Dire outlook for Aussie job seekers with autism

Entrepreneur Haydn Payne understands that if he does not start his own business, he could be on welfare for the rest of his life. That may not be so remarkable if it weren’t for the fact that the thing preventing Payne from advancing in the workplace is his condition: autism.

Extreme sensitivity to sound and light make it impossible for him to be in a supermarket, let alone hold down a regular 9-5pm job, without experiencing extreme distress.

So how does Haydn, and the anticipated 353,880 Australians on the autism spectrum survive? Of those 1 in 70 Australians diagnosed with Autism, 4 out of 5 are likely to be men and boys. The male-female incidence ratios increases to 10:1 for "high functioning" autism and asperger syndrome and have been reported to be as high as 15:1 and 16:1 in certain populations.

A new community organization, Settlement Services International (SSI), is helping people with a disability get a foothold by funding start-ups under the IgniteAbility Small Business Start-ups program.

But on World Autism Awareness Day today, 2 April, a spotlight has been cast over the poor employment prospects for people with autism, following a study commissioned by autism body AMAZE which found that half of Australians diagnosed with autism have ever held paid work despite being qualified.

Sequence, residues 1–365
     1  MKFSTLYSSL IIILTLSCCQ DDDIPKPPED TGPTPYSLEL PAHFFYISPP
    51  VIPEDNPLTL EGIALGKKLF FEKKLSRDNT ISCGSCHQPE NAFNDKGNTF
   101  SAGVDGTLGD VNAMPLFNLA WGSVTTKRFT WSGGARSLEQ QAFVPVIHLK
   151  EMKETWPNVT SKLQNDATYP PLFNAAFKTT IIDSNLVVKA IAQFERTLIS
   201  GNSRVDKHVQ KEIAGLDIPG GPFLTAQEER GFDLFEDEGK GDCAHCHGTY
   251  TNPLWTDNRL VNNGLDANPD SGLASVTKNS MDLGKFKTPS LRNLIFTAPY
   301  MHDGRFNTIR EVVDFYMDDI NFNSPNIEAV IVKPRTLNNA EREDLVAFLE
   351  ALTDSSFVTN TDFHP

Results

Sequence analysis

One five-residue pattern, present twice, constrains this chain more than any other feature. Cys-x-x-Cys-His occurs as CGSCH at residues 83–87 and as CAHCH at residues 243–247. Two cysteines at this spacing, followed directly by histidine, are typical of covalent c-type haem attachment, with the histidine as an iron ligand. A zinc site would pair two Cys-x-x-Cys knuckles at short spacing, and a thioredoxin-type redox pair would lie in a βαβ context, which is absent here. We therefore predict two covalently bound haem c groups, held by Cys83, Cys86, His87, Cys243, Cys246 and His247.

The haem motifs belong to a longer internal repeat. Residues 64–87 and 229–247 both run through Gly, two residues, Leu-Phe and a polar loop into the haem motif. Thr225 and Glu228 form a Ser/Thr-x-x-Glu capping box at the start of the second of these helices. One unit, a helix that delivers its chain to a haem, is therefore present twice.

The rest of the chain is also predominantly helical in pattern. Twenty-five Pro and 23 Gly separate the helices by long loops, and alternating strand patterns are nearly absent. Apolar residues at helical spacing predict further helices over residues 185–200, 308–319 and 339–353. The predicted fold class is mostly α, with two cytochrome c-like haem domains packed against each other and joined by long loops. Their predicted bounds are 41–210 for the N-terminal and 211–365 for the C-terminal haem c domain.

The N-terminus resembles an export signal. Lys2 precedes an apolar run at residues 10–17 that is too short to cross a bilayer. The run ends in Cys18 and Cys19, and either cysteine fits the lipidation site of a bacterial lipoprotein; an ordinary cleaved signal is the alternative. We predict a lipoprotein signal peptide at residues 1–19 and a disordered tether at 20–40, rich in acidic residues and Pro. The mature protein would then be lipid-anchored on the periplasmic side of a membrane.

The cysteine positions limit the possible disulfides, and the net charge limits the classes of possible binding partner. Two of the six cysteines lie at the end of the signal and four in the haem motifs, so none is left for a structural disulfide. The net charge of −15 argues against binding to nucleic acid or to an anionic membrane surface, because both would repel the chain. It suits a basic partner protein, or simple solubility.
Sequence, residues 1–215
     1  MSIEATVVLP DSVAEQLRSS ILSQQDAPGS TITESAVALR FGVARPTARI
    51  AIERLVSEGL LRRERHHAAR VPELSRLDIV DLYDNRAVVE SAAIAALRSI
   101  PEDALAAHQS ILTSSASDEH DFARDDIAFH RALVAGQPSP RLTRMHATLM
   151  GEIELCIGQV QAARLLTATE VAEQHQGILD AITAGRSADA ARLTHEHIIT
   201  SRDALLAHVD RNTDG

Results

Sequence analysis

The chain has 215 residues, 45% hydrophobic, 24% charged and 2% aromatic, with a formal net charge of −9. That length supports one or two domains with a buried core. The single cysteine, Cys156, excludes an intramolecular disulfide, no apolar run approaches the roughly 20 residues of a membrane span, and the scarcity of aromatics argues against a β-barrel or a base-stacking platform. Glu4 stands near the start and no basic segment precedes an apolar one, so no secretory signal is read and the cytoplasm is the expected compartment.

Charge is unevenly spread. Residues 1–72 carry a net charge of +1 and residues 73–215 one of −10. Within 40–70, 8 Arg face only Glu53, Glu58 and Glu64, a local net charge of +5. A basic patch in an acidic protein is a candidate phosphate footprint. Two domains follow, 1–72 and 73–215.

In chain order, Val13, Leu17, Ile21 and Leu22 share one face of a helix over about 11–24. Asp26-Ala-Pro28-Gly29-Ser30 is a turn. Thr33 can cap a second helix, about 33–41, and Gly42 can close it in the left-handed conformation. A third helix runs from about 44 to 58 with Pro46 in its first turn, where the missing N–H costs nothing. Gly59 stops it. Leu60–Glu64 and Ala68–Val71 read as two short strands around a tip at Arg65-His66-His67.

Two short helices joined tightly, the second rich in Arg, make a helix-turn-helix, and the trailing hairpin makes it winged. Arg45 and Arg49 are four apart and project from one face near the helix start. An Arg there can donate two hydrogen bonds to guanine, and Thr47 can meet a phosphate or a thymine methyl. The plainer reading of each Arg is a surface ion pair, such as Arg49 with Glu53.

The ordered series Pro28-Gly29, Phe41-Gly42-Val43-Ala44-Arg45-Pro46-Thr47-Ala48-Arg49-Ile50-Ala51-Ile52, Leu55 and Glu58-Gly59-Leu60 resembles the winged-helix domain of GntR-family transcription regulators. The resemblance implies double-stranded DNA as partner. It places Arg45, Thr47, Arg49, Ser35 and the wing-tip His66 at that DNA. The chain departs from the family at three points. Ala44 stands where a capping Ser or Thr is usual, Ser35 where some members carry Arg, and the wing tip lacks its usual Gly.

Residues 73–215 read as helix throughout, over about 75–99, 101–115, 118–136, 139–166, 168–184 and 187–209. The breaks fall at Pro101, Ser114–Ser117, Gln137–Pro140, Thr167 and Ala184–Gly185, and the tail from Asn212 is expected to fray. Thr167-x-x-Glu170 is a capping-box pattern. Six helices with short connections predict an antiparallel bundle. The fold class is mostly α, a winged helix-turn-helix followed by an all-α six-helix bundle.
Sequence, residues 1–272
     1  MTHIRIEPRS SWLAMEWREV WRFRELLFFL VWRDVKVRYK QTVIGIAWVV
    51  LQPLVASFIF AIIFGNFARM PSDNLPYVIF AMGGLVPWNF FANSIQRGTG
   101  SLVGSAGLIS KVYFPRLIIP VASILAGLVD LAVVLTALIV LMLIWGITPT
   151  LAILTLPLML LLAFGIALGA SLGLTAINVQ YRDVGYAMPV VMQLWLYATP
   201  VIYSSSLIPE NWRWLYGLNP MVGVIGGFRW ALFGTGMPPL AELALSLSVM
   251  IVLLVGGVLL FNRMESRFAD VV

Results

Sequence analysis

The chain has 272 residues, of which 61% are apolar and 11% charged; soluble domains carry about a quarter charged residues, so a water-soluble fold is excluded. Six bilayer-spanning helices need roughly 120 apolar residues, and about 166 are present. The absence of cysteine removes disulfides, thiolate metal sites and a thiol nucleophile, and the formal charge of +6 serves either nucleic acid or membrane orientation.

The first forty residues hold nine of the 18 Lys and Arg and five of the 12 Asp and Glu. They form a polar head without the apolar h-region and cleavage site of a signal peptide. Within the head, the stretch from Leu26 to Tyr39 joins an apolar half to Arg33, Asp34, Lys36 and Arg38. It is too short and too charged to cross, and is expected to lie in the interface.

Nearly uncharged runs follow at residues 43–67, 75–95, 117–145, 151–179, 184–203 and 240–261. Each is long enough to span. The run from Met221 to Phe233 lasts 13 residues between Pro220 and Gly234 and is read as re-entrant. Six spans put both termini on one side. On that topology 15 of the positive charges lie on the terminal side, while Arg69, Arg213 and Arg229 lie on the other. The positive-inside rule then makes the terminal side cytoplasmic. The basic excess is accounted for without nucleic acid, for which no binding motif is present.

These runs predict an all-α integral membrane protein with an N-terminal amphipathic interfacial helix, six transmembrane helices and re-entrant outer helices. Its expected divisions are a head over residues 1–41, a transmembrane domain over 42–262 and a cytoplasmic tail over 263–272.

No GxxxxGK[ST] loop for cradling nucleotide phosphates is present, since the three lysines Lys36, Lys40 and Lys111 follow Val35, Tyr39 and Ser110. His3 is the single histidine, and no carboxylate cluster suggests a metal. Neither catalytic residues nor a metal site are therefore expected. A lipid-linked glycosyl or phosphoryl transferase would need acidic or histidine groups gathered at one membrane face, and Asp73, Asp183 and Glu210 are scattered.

And those who did get a job, had a 20 per cent chance of losing it because of their symptoms.

"There is gross underemployment for autistic Australians, and their abilities are underestimated and under-utilised in the workplace,” AMAZE CEO Fiona Sharkie said.

Autism Awareness Australia CEO Nicole Rogerson told SBS News that services for adults with autism were extremely limited in Australia, and called for more opportunities and resources to be available to help people find employment.

“We want to make sure that people with disabilities are placed in appropriate employment, and when it works in both ways in both categories, it’s just a wonderful outcome,” Ms Rogerson said.

TAKE ACTION FOR MEN'S HEALTH

READ: Australians with autism are getting support to start their own businesses (SBS News) 

READ: The Conversation - Autism, girls and diagnosis (Autism Association of Western Australia)

READ: Autism prevalence rate up by an estimated 40% to 1 in 70 people (Autism Spectrum Australia)

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